by Alexandria Parra
The 7th annual Party for Parkinson’s 5K is an event hosted by the Catholic Care Center (CCC) which took place on their expansive campus on April 27, 2019. The CCC is not-for-profit, full continuum senior living community located in Bel Aire, Kansas. This senior living community offers a full continuum of care, and roughly 43% of their residents are Medicaid recipients. Parkinson’s is a degenerative and progressive disease that affects the nervous system. Unfortunately, there is currently no known cure. This event aimed to raise proceeds to help fund educational opportunities, support groups, and community Parkinson’s exercise classes that are free of charge for individuals who suffer from the disease and their caregivers. These efforts are focused on combating the disease symptoms and help to improve their overall well-being. The event relied heavily on business sponsorships, volunteers, and community support. In lieu of the 5K, participants had the option to participate in the 1 Mile Party Walk. In the state of Kansas, there are an estimated 7,000 individuals who suffer from this disease, limiting the educational and support services for Parkinson’s in the Wichita and Bel Aire area.
The success of this event was largely dependent on sponsorships from local businesses, volunteers, and community support. My first task was trying to secure sponsorships. I contacted roughly 55 businesses to inform them of this event and to see if they would be interested in sponsoring. Out of the 55 businesses that I spoke with, I was able to secure one sponsorship for $2,500 and obtain one gift donation of $250. The next task I was responsible for was promotion and marketing. As a student at Wichita State University (WSU), I posted flyers around campus to market the event. In addition, I also placed brochures and flyers at gyms, trampoline parks, boxing clubs, local high schools, and physical therapy offices. Along with the CCC team, we were able to participate in the St. Patrick’s Day parade in Wichita Kansas and handed out beads that displayed the event’s information. My last task for this event was to keep the Party for Parkinson’s 5K Facebook account up-to-date and post regularly. I posted updates about four times a week encouraging individuals to sign up before the deadline. I posted Parkinson’s related information, emphasized what the proceeds from the event would go towards, reiterated its impact on the Parkinson’s population, and provided assistance on the day of the event.
Figures 1 and 2 show the participants the day of the race. Participants were comprised of men and women of various ethnicities and age groups. Registration fees for this event ranged from $20-$40 depending on when participants signed up. In addition to participating in the 5K or 1 Mile Walk, participants received a Party for Parkinson’s 5K t-shirt and a voucher for the pancake breakfast that took place after the event. The prizes consisted of pint-sized beer glasses, water bottles, and a $250 donated gift certificate.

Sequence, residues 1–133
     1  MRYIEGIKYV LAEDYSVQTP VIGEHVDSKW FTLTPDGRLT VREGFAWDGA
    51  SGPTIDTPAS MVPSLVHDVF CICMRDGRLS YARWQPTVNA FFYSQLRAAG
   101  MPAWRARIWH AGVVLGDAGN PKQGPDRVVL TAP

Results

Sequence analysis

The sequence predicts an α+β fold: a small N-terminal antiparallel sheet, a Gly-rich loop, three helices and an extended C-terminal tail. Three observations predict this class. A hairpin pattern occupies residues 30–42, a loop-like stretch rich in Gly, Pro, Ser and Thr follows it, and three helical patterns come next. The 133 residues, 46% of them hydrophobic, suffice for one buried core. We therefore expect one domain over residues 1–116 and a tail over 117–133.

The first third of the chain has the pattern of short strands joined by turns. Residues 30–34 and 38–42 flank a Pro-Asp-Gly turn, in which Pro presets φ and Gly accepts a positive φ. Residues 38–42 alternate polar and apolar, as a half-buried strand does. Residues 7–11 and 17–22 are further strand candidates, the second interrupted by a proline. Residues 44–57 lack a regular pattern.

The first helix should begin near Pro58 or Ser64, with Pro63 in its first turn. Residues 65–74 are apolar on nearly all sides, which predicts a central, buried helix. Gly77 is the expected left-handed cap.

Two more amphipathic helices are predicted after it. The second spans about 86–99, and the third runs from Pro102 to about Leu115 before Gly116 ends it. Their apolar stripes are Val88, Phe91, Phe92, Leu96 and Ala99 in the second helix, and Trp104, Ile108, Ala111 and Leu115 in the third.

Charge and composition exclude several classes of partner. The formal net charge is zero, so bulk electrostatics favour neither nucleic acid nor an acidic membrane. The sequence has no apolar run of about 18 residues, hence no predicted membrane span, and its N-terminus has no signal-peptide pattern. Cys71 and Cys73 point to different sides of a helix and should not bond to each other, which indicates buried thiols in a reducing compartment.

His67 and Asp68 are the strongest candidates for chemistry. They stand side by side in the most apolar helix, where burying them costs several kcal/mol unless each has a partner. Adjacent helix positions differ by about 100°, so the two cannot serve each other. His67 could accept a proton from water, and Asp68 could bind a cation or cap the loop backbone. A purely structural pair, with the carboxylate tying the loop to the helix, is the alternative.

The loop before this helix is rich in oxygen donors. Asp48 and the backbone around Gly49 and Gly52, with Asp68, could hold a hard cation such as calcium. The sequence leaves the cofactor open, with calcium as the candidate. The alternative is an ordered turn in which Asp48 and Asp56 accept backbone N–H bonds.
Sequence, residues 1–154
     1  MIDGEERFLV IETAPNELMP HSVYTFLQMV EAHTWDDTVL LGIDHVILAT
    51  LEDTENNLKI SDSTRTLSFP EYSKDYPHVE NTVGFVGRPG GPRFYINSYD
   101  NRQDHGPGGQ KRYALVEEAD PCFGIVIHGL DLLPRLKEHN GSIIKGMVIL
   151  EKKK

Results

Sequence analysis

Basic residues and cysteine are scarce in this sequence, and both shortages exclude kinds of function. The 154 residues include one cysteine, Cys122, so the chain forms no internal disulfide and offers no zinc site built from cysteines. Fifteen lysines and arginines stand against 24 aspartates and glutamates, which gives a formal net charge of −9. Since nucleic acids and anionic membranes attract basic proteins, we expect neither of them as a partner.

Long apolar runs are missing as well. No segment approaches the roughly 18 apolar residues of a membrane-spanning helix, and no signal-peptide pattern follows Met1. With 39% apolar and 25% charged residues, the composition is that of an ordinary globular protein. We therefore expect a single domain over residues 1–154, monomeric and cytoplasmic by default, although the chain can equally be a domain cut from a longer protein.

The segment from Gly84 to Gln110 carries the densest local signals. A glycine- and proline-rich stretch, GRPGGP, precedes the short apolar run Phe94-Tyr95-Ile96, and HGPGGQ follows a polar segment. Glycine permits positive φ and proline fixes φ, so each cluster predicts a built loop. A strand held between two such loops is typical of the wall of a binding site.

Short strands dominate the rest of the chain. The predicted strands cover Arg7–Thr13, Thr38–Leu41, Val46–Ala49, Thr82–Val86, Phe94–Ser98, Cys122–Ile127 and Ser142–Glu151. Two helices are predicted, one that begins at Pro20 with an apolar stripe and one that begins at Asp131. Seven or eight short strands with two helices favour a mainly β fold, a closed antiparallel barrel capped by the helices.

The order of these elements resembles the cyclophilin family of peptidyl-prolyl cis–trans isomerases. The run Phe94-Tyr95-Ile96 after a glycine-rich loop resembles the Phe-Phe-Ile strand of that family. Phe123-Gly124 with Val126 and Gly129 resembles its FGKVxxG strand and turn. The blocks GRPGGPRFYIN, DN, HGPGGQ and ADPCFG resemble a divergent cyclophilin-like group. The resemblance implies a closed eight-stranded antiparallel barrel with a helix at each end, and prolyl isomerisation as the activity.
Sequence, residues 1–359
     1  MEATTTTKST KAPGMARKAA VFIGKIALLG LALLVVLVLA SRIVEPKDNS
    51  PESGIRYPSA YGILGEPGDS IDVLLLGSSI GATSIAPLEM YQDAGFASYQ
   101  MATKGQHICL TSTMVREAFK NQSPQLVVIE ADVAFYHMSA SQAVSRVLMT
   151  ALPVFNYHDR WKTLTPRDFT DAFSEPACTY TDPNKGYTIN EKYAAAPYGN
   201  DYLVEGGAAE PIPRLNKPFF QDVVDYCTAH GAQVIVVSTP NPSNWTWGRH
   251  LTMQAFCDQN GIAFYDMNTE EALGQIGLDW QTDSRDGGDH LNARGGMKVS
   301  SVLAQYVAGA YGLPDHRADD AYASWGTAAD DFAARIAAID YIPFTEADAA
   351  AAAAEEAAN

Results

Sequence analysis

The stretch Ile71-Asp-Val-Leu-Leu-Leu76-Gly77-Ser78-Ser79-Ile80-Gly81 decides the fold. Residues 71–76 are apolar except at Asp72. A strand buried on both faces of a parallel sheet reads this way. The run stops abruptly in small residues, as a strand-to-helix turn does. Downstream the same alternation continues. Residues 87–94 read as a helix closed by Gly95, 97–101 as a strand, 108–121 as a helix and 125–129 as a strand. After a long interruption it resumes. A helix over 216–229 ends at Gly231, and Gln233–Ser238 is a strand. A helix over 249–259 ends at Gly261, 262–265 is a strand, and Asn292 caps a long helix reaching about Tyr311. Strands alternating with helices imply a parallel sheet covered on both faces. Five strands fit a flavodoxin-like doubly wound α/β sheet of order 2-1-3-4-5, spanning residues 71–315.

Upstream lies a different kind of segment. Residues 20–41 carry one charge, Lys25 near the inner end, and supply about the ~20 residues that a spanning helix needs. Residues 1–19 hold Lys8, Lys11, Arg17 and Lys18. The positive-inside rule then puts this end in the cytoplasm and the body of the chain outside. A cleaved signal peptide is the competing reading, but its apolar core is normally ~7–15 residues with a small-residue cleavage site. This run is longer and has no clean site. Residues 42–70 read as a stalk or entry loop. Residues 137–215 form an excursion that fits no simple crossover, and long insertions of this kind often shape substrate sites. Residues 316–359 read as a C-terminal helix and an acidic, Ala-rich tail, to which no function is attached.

In addition to participating in this event, participants were able to enjoy a pancake and bacon breakfast after they finished their run or walk. Some of the proceeds from the event helped to purchase items to make the breakfast possible.
Last year this event was comprised of 280 participants and raised a total of $6,000. This year, there were 362 participants and the event raised $18,000. In addition, we had a total of 12 business sponsorships that contributed to the event’s success. Volunteers from around the community and from WSU also assisted with the event. They were assigned to different locations around the CCC campus to monitor participants during the run and walk. The first-place winner of the 5K was a 37-year-old male who completed the run in 19 minutes and 36 seconds.
As stated previously, the proceeds from this event will go to fund educational opportunities, support groups, and community Parkinson’s exercise classes. The Parkinson’s Symposium is one of those educational opportunities. This annual event takes place the day before the run and is open to the public free of charge. During the event individuals can hear from Parkinson’s experts and learn about new treatments for the disease. They also receive a complimentary lunch and educational materials. The support group that will be established as a result of the Party for Parkinson’s 5K will cater to a younger demographic that is affected by Parkinson’s. Although Parkinson’s typically affects individuals who are 60 years and older, about 4% are diagnosed at age 50 or even earlier. This support groups aims to assure this younger demographic that they are not alone. The In Motion Parkinson’s Exercise Class, is hosted by the CCC in conjunction with the WSU Health Science Department. This class focuses on combating the progression of Parkinson’s. In addition to this class, the Lifelong Learning WellREP program offers a Parkinson’s based exercise class.
Due to the overwhelming amount of proceeds raised, the CCC is looking to establish a scholarship for students who are interested in working with the geriatric population.
By assisting with this event, I realized how vital public health events are to the community. This event and the proceeds raised have grown substantially since last year. The services that will be provided to individuals who have Parkinson’s and their caregivers is invaluable. Per the Michael J. Fox Foundation for Parkinson’s Research, an individual with Parkinson’s can expect to pay around $22,800 a year for Parkinson’s-related medical expenses. Therefore, free educational opportunities and support is necessary to ensure this population has the knowledge and resources to combat the disease.